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Once the word “transvaginal” became a big joke on “Saturday Night Live” and “The Daily Show With Jon Stewart,” it wasn't long before Virginia's conservative Republicans realized they had overreached on abortion.
Gov. Bob McDonnell and GOP state lawmakers Wednesday abandoned a bill requiring women to undergo an intrusive type of sonogram before an abortion -- an abrupt reversal that demonstrated the power of political satire and illustrated again how combustible the issue of women's reproductive health has become over the past few weeks.
“You never want to get on the wrong side of popular culture,” said Steve Jarding, a professor at Harvard University's John F. Kennedy School of Government and a Democratic consultant who has run campaigns in Virginia. He added: “When people are laughing at you, you know you've gone too far.”
At issue was a bill pushed by anti-abortion lawmakers that would have required women seeking an abortion to undergo a transvaginal sonogram, in which a wand is inserted in the vagina to yield an image of the fetus. The procedure differs from an abdominal sonogram, in which a wand is rubbed over the woman's belly.
Seven states have laws mandating some form of pre-abortion ultrasound exam. The Guttmacher Institute, which researches abortion-related issues, said none of the ultrasound laws in other states explicitly require the transvaginal procedure.
However, Elizabeth Nash, Guttmacher's state issues manager, said several of the laws, including a Texas measure recently upheld in federal court, effectively leave doctors with no option but the transvaginal procedure. That's because an abdominal sonogram does not produce the detailed image of a first-trimester pregnancy that is required by some of the laws, Nash said.
In Virginia, the bill began muscling its way through a legislature that recently came under the rule of GOP conservatives. It moved ahead despite an outcry from women and Democrats, including a female lawmaker who called it “state-mandated rape” and another who made her point with a failed amendment requiring rectal prostate exams for men seeking Viagra prescriptions.
It didn't fully jump the fence from politics into pop culture until “SNL” lampooned it on Feb. 11.
“Really?” comic Amy Poehler sneered in noting the Virginia bill on “SNL.” “Don't get me wrong, Transvaginal is my favorite airline. I have so many miles on Transvaginal that they upgrade me to ladybusiness.”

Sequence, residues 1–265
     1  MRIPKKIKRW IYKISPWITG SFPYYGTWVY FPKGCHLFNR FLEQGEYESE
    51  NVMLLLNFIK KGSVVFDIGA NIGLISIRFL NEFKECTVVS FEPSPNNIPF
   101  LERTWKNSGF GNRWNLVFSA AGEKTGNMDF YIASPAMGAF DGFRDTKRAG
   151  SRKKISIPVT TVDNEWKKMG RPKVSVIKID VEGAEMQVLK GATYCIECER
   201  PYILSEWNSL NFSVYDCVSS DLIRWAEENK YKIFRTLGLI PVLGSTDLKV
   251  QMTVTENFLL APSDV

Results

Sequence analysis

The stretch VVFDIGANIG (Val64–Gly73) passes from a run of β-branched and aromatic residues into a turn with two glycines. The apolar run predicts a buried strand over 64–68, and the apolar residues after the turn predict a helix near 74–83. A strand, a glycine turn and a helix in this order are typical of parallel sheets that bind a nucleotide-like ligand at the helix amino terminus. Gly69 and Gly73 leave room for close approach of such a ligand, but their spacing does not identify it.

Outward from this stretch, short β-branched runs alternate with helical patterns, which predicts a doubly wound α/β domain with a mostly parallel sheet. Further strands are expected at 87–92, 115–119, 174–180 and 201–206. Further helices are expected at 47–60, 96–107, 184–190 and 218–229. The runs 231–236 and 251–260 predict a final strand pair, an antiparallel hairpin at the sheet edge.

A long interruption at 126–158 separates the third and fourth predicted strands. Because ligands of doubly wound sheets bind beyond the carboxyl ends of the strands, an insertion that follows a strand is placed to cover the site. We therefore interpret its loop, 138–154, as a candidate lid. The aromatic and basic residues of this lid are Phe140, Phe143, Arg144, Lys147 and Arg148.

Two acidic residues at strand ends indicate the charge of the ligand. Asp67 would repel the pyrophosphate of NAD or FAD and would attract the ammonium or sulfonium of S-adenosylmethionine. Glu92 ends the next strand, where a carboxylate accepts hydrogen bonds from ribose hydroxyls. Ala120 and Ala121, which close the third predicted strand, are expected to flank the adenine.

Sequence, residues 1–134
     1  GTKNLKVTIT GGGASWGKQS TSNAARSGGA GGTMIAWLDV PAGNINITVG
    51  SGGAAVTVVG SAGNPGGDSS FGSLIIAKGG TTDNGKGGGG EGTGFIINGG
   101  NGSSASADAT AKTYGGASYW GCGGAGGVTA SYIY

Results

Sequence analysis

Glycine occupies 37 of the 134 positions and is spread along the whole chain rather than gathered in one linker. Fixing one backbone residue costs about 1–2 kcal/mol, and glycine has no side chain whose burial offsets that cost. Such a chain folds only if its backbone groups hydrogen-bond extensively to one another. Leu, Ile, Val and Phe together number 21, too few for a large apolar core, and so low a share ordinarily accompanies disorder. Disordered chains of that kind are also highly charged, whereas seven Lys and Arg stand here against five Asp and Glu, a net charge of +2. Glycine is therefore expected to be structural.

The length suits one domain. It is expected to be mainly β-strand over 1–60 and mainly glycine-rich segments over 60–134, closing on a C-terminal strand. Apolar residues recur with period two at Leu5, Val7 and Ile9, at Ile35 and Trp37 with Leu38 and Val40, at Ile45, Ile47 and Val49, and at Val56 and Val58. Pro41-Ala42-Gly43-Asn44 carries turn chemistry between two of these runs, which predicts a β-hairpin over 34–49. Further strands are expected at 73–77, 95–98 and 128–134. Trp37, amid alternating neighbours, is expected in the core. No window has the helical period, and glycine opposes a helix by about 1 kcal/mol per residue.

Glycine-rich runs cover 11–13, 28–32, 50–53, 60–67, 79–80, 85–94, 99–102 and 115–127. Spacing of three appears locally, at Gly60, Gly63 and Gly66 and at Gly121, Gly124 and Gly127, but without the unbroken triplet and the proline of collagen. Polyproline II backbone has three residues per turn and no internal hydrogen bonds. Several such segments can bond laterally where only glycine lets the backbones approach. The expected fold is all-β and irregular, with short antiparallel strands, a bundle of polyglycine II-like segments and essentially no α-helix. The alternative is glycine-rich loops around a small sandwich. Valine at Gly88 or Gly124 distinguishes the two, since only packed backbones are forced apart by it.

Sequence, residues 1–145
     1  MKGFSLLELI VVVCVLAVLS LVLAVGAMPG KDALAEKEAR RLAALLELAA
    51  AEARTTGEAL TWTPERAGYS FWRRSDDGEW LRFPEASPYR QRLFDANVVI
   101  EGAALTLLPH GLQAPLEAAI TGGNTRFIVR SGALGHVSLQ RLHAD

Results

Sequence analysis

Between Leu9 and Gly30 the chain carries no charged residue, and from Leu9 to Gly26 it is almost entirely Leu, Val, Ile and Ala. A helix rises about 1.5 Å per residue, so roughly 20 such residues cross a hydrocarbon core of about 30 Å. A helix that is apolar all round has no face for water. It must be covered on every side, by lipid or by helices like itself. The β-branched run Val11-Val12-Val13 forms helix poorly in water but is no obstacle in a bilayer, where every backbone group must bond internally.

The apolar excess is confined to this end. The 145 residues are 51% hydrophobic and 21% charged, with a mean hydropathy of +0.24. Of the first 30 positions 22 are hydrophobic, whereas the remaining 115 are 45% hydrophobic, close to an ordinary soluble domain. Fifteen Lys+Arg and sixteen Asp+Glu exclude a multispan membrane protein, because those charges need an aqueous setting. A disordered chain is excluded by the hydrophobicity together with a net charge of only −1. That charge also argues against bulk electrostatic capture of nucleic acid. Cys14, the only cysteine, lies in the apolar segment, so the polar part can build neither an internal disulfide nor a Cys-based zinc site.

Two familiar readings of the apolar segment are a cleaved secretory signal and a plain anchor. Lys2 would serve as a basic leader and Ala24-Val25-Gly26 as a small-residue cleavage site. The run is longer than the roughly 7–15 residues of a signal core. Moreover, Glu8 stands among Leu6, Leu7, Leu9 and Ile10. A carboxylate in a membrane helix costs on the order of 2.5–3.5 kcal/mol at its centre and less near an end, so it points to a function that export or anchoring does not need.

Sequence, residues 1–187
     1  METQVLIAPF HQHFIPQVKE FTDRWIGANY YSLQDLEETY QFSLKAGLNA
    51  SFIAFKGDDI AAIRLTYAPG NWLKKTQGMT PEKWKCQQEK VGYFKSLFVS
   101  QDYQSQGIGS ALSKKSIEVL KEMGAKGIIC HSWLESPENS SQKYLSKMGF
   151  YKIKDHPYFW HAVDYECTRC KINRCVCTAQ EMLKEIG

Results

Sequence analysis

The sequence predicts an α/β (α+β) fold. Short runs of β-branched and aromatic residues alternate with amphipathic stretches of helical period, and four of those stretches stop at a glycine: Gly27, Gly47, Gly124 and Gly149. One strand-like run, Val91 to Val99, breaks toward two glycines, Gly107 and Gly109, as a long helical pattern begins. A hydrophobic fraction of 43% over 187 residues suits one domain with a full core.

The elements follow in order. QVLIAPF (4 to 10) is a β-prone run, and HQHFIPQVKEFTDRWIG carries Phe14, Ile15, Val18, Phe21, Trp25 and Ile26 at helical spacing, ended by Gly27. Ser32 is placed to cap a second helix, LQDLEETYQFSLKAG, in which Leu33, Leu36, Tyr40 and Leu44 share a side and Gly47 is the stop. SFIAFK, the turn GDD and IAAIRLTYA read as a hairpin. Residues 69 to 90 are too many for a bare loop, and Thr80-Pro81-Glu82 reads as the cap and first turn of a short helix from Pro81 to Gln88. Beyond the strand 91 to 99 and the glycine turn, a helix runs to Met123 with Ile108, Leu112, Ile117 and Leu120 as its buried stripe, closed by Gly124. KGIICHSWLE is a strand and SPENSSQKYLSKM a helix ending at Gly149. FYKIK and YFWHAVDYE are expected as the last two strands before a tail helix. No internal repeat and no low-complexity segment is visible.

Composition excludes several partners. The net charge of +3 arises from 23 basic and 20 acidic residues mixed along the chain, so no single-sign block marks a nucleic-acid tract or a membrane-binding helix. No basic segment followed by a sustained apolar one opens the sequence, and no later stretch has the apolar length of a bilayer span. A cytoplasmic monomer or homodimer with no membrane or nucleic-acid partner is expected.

Stewart wisecracked that “Transvaginal Ultrasound” was the name of a jazz fusion band he once saw in concert.
And conservative columnist Megan McCain, daughter of 2008 GOP presidential nominee John McCain, said on MSNBC that she is “pro-life, but I'm not pro-vaginal probing.” She added: “I'm just horrified by this bill. As a Republican woman, I'm horrified.”
Earlier this week, more than 1,400 people -- mostly women -- locked arms in protest outside the Capitol, and petitions bearing more than 30,000 names were presented to McDonnell by women's groups.
McDonnell, a Roman Catholic political protégé of religious broadcaster Pat Robertson who has been mentioned as a possible vice-presidential candidate on a ticket with Mitt Romney, backed down on Wednesday, saying: “Mandating an invasive procedure in order to give informed consent is not a proper role for the state.”
He said he supports legislation that would require pre-abortion sonograms, but not the invasive variety.
It was just the latest reversal over the past few weeks on the issue of women's health.
After a three-day furor, the Susan G. Komen breast cancer charity dropped plans to withdraw funding from Planned Parenthood. And President Barack Obama was forced to back off requiring religiously affiliated universities, hospitals and other organizations to provide free birth control their employees.
How much damage is done to McDonnell and the GOP depends on how broadly the issue permeates pop culture and who's watching, said Merle Black, a political science professor at Emory University in Atlanta.
“A lot of people watching those shows wouldn't necessarily support McDonnell anyway. The question is whether it's reaching and turning off independents and especially women,” Black said.
But Jarding warned: “When the female anatomy becomes a policy term in your state and the governor is the guy identified with that, that's not where you want to be.”